Sorry, Art Lovers: The New Auguste Rodin Biopic Is a Steamy, Superficial Flop
Never penetrating far into his psychology, the film by Jacques Doillon portrays Rodin as a pair of hands, always in action—and not much else.
In the opening scene of French filmmaker Jacques Doillon’s recent biopic Rodin, two studio assistants carry a selection of plaster body parts, seemingly feminine, on a table big enough for a banquet and set it in front of the titular sculptor. This, symbolically, is an artist’s dinner, it seems to suggest—a cliche of carnal consumption which cycles relentlessly throughout the film.
Rodin was released in eight theaters in the US in June, where it earned less than $45,000. Still, it hit streaming services earlier this month, so it’s worth asking what kind of contribution it makes to the famed French artist’s legend. The answer, unfortunately, is that it’s probably better suited for fans of trashy romance than for fans of the Thinker.
Admittedly, Auguste Rodin isn’t an easy subject for a biopic. He wasn’t much of a diarist and he kept most of his business correspondence pragmatic and to the point, leaving his interior life largely open to the imagination. As a result, what we tend to see depicted of him is a caricature of the artist as a gruff and solitary genius, grabby with women and tormented by the gatekeepers who rejected him.
There’s truth in the broad outlines of that depiction, but it’s the same basic Rodin we’ve seen portrayed countless times, and to far superior effect than in Doillon’s Rodin.
Indeed, this film is really about the artist’s love affair with his ambitious assistant Camille Claudel, taking a well-trod topic better treated by the several earlier efforts already made on the subject, including the 2013 film Camille Claudel 1915, starring Juliette Binoche, and the 1988 film Camille Claudel, which has Isabel Adjani playing the long-suffering sculptress.
“I’m not sure I like modesty,” Rodin says to Claudel when they first meet, his hand suggestively kneading a lump of clay. And that, in one lamely pervy exchange, is the setup to one of history’s most infamous love affairs.
Beyond that, Doillon’s Rodin skims across its subject’s early rejections, his milestone commissions, and eventual career triumph with all the narrative grace of a bullet-pointed Wikipedia entry. Famous friends arbitrarily appear (there’s Monet for tea, Rilke at a cathedral) and the titles of Rodin’s best-known works are dutifully intoned for viewers, as if anyone showing up for this film might have forgotten that he’s famous for the Kiss, or Balzac, or the Gates of Hell.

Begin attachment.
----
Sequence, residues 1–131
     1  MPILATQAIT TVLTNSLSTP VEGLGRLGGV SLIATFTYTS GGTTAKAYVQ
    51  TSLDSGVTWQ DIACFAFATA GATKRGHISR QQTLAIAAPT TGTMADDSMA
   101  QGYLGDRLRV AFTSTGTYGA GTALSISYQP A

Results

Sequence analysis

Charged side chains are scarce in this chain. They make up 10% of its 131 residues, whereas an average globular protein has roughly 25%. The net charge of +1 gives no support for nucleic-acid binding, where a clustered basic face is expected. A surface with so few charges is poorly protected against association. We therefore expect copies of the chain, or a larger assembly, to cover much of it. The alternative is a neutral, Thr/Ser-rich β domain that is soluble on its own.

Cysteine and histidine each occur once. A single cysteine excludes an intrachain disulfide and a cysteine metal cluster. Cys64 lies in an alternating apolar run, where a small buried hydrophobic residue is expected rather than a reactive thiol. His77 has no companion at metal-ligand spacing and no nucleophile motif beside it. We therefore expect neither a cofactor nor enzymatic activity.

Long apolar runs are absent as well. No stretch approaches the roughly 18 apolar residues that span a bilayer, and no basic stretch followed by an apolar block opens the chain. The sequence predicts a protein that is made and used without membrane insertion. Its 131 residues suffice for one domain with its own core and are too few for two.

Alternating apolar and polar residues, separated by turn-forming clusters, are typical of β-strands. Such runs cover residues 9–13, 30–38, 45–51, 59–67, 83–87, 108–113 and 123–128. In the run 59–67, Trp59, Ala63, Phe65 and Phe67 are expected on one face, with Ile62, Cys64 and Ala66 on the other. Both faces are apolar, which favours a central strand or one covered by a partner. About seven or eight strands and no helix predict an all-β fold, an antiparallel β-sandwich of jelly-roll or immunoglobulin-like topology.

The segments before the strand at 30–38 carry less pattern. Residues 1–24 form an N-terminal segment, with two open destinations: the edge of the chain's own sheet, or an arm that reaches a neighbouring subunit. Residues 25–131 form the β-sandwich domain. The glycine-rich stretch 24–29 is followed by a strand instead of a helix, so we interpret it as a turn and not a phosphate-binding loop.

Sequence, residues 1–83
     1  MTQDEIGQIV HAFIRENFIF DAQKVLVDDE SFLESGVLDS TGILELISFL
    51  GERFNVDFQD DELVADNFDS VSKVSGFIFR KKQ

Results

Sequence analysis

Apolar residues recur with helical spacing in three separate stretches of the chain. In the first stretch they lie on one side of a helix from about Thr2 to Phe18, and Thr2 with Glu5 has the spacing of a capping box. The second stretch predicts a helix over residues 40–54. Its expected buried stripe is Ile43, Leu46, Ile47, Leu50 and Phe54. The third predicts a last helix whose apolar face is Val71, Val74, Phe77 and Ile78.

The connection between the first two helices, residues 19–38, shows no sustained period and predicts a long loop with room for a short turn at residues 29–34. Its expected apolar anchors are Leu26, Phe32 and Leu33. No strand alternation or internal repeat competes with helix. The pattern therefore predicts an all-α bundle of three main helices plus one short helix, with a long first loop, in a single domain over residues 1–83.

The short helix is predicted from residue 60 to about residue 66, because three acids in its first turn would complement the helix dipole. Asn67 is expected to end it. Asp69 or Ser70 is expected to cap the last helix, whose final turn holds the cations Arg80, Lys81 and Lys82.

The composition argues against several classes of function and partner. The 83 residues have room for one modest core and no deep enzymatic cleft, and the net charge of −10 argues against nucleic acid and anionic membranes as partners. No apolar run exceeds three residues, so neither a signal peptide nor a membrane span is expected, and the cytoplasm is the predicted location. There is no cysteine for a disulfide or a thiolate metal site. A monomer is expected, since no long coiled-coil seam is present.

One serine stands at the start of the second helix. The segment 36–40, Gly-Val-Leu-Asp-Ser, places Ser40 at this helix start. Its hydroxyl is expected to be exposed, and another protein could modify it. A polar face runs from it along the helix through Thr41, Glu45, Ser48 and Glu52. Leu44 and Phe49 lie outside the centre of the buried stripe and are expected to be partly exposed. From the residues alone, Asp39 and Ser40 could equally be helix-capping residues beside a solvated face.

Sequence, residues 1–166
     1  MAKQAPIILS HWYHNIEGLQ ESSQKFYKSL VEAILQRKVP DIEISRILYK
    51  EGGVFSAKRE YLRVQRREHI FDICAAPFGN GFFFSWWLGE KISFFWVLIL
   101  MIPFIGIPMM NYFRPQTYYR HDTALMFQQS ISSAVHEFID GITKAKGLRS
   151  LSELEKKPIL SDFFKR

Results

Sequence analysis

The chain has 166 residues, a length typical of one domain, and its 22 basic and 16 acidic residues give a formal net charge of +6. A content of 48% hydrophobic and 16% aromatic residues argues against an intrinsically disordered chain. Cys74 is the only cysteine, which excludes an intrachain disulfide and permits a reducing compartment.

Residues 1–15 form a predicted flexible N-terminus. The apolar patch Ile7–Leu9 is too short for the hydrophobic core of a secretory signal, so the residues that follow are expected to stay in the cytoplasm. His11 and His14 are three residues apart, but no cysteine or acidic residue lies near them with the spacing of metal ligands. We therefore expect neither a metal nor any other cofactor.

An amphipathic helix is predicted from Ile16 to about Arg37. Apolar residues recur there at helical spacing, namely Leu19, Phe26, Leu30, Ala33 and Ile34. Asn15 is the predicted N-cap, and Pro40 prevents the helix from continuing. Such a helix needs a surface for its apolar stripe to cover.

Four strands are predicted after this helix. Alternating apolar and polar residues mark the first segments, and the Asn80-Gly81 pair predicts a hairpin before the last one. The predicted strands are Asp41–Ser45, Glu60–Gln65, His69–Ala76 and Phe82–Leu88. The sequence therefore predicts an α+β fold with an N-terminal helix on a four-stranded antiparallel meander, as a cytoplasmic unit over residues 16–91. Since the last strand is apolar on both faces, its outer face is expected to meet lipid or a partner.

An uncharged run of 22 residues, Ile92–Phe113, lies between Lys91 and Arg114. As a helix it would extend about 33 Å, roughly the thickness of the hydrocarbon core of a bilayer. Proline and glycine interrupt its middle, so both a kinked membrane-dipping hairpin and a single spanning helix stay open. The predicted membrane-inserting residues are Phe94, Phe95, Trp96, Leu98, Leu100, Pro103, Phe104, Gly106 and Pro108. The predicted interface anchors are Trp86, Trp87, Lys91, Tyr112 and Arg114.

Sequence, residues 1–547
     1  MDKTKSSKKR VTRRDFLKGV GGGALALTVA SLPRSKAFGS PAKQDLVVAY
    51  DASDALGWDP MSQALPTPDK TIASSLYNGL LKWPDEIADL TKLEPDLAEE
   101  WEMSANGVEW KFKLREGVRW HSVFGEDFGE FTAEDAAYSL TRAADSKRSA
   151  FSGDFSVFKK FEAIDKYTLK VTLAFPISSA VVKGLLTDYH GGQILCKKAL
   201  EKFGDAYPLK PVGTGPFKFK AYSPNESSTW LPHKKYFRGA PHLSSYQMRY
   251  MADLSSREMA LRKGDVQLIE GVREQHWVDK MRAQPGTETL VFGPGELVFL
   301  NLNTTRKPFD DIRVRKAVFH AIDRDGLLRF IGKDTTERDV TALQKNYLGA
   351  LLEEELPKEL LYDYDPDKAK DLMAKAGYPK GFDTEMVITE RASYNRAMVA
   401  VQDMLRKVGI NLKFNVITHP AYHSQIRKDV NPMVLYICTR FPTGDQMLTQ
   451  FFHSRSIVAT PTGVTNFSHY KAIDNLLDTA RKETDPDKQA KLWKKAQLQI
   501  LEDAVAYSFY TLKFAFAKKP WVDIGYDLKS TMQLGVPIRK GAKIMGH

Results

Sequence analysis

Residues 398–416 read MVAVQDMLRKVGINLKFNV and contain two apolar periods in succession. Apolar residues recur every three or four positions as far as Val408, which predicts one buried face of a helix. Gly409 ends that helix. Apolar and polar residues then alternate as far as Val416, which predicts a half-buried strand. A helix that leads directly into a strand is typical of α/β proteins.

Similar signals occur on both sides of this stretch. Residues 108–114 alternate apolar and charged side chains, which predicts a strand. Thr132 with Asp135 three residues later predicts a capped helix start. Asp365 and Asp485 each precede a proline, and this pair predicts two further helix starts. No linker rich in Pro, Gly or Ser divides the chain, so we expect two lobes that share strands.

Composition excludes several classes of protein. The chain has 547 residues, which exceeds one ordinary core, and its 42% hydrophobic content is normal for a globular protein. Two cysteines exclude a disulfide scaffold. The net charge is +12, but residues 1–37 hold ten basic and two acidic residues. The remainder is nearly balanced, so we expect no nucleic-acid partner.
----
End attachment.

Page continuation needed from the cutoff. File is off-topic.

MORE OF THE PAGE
Never penetrating far into his psychology, the film portrays Rodin as a pair of hands, always in action: pawing at a sculpture, groping a model. He molds both to his will, often leering at his female employees while massaging a mound of clay (yes, that device is used more than once). Women quiver, tremble, beg for kisses. Sometimes they orgasmically thank the artist for introducing them to heretofore unknown pleasures.
To be fair, this isn’t entirely an exaggeration. Rodin did have well-documented sex appeal. The dancer Isadora Duncan once wrote of a steamy studio visit between the two:
“He began to knead my whole body as if it were clay, while from him emanated heat that scorched and melted me. My whole desire was to yield to him my entire being, and indeed I would have done so if it had not been that my absurd upbringing caused me to become frightened and I withdrew… What a pity! How often I have regretted this childish miscomprehension, which lost to me the divine chance of giving my virginity to the great God Pan himself, the mighty Rodin.”
But while the film’s many sex scenes seem intended to stir some passion into an otherwise dull stew, the results are often cringe-inducing. Rodin lived in an earlier era, but Doillon doesn’t, and his eye at times seems a little too closely identified with the randy Rodin’s. When the sculptor leaves a room where a model lies twisted into nude contortion, the camera stays behind to linger on her uncomfortably.
In another scene, we watch Rodin’s student Hilda and a nude model posing for her. Curiously, Hilda is sculpting only a bust, and thus would not seem to have needed a fully nude model. But that’s beside the point. The point of this scene is for Rodin to walk into the room so they can all have a threesome. Behind blurred glass, the women dance around Rodin declaring their desire to pay “homage to Carpeaux,” the artist who entwined figures for the sculpture La Danse.
While a director has a responsibility to keep some critical distance, an actor must embody his subject, flaws and all. And it must be said that Vincent Lindon’s Rodin successfully conveys a deep sadness.
But Rodin’s lifelong companion Rose Beuret is more depressingly played by Séverine Caneele. Beuret was an uneducated seamstress, but that doesn’t explain why she appears almost mentally disabled in this film, lumbering around the house clutching a baby doll. Is it meant as a substitute for a second child she wished she had in real life? It’s not clear. But it is creepy.
The film ends, strangely, with a scene of Rodin’s monument to Balzac standing in a Japanese open-air sculpture garden. We’re told that Rodin didn’t want to see his masterpiece locked up in a museum—so the outdoor location is meant to represent the triumph of his vision.
Of course, plenty of versions of Rodin’s Balzac are in fact housed in museums all over the world. No matter. A fittingly arbitrary ending to a wayward, tawdry but surprisingly passionless film.
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